Lyophilization is a commonly used drying technique for thermolabile pharmaceuticals. Crystallization of formulation components may occur during various stages of the freeze-drying process. In frozen solutions, while crystallization of bulking agents is desirable, both from processing and product-elegance perspectives, buffer salt crystallization can cause a significant pH shift. Lyoprotectants (compounds that protect macromolecules, both during freeze-drying and subsequent storage) are effective only when retained amorphous. This review presents numerous applications of differential scanning calorimetry to characterize pharmaceutical systems in frozen state. These studies are aimed at defining the processing parameters and optimizing the freeze-drying cycle. Low temperature pH measurement and sub-ambient X-ray diffractometry served as excellent complementary tools in the characterization of frozen systems. The phase behavior of the systems during annealing (of frozen solutions), primary and secondary drying were monitored by X-ray diffractometry. Finally, the interplay of formulation composition and processing parameters on the development and optimization of freeze-drying cycles are reviewed.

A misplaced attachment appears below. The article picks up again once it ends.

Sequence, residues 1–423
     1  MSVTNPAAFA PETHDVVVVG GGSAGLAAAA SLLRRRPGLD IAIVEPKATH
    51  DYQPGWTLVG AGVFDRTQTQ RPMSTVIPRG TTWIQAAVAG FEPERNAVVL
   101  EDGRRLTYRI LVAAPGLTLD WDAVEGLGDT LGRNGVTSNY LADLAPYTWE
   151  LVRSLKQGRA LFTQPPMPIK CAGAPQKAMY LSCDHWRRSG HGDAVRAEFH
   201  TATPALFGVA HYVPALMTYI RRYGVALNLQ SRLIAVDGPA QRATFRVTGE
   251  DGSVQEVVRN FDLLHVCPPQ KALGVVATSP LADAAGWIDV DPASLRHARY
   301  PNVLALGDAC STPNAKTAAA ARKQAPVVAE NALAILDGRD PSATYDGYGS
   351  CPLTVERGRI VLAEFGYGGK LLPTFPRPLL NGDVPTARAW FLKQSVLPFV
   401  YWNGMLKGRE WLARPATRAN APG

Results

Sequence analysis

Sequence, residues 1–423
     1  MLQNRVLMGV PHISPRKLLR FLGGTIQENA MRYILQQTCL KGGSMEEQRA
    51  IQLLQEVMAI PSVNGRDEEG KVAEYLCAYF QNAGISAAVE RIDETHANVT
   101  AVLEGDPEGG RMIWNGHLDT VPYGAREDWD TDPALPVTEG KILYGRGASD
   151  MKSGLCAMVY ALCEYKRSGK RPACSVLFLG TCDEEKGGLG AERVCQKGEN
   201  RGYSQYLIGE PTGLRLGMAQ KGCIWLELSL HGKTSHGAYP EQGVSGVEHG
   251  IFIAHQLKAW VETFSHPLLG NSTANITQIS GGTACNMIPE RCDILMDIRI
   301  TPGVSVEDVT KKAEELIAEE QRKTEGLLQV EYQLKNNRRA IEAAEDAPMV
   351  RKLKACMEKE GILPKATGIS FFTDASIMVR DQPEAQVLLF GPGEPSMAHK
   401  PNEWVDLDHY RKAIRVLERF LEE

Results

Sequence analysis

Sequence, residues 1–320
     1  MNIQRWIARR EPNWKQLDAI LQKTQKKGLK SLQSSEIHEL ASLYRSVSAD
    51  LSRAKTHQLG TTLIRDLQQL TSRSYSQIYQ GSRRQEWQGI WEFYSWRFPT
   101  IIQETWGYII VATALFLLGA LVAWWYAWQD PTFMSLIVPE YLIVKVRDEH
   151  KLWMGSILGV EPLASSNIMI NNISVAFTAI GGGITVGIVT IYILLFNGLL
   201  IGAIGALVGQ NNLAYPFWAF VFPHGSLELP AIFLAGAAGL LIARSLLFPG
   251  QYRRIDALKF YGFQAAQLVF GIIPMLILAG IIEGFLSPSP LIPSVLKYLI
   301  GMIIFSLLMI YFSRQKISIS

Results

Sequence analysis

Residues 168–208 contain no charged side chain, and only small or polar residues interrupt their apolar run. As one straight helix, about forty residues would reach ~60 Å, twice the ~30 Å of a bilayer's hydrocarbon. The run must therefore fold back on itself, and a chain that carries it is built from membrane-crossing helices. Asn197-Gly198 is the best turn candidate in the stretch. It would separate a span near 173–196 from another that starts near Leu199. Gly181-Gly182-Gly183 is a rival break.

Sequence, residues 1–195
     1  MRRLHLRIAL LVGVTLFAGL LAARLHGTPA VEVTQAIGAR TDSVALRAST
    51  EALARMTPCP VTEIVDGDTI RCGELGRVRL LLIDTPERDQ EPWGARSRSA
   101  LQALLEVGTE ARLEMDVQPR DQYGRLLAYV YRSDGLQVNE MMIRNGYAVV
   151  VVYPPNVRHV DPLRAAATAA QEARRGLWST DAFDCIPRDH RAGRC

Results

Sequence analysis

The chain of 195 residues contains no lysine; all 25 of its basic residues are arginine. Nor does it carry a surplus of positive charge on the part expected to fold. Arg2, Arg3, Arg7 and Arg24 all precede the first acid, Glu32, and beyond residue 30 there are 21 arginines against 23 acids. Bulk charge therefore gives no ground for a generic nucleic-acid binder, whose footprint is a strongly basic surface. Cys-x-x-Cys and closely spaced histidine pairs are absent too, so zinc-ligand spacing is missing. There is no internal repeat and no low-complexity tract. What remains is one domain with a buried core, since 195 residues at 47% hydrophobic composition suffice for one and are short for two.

- Buffer crystallization
- Differential scanning calorimetry
- Frozen solution characterization
- Low temperature pH measurement
- Lyoprotectant crystallization
- Phase transformation
- X-ray diffractometry